Not Clearly Pro or Con to the question "Should the Government Allow Immigrants Who Are Here Illegally to Become US Citizens?"
"It's a logistical impossibility to deport 11 million people. There aren't enough handcuffs. There aren't enough jails. There aren't enough beds. There aren't enough planes to remove 11 million people and build walls and dismantle sanctuary cities. It's an impossibility, both practically and constitutionally...
This great experiment that is American democracy is greater than any one individual, and its major component, its DNA, rests on immigration. If we can fix this broken system, we will not only protect our homeland, we will also protect an economy that needs it."
Joanne Palmer, "How Did Melania Trump Get U.S. Citizenship?," jewishstandard.timesofisrael.com, Dec. 22, 2016
Experts Individuals with advanced degrees in fields relevant to immigration. Also top-level government officials (such as foreign leaders, US presidents, Founding Fathers, Supreme Court Justices, members of legislative bodies, cabinet members, military leaders, etc.) with positions relevant to immigration.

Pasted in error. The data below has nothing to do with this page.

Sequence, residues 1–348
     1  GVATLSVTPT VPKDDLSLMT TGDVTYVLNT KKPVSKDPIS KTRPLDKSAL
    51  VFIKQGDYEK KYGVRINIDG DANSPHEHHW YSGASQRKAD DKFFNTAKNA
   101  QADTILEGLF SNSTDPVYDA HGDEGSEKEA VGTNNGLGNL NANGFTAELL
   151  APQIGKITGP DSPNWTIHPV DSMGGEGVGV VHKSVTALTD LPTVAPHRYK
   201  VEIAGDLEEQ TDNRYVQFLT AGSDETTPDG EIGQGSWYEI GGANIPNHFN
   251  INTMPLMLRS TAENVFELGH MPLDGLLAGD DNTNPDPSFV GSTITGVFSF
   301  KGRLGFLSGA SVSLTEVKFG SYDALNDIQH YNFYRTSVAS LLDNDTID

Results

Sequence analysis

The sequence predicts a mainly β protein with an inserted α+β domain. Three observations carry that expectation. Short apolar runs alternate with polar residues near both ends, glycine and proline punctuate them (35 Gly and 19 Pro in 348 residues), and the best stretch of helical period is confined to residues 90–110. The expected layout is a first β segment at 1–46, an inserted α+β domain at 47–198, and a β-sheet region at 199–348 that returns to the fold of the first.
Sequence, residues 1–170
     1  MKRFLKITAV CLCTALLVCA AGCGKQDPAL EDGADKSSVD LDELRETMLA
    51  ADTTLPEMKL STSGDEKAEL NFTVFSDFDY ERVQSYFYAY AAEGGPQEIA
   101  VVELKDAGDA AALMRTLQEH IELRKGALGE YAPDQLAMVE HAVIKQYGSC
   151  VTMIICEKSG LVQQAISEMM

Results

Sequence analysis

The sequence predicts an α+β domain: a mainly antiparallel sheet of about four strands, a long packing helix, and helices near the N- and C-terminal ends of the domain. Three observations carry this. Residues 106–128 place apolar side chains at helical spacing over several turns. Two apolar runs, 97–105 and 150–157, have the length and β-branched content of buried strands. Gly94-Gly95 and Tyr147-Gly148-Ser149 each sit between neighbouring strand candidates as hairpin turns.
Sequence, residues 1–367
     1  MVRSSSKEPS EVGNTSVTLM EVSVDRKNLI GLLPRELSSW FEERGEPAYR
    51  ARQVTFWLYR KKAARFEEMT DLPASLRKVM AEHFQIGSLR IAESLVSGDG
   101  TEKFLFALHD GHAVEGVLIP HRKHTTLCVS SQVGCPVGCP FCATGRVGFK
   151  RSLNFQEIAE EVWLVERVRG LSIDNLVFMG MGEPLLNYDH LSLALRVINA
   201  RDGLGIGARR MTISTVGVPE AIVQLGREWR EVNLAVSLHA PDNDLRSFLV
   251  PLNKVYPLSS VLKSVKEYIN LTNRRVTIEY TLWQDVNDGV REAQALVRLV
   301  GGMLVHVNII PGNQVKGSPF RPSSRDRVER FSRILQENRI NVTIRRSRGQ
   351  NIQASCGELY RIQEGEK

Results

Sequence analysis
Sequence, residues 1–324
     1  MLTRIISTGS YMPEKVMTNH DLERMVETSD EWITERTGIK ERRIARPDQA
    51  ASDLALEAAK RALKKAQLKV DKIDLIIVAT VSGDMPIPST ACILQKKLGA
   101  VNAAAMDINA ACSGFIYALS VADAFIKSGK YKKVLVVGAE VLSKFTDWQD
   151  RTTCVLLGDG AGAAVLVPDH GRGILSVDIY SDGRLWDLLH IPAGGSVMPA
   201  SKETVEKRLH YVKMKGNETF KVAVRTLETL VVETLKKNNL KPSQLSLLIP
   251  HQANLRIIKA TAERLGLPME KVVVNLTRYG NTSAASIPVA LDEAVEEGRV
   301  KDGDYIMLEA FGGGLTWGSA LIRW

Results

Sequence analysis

Involvement and Affiliations:
Adjunct Professor of Immigration Law, Benjamin N. Cardozo School of Law, Yeshiva University, 2011-present
Managing Partner, Wildes and Weinberg PC, 2010-present
Chair, American Jewish Congress' Committee on International Terrorism
Member, Board of Directors, B'nai Zion
Member, Hatzoloh Volunteer Ambulance Corps
Appointed Member, Governor's Blue Ribbon Panel on Immigrant Policy, 2007-2011
Mayor, Englewood, New Jersey, 2004-2010
Immigration lawyer, Wildes and Weinberg PC, 1993-2010
Federal Prosecutor and Special Assistant, US Attorney's Office, 1989-1993
Former City Council Member, Englewood, New Jersey
Auxiliary police officer, New York Police Department, 1982-1992
JD, Benjamin N. Cardozo School of Law, 1989
BA, magna cum laude, Political Science, Queens College, 1986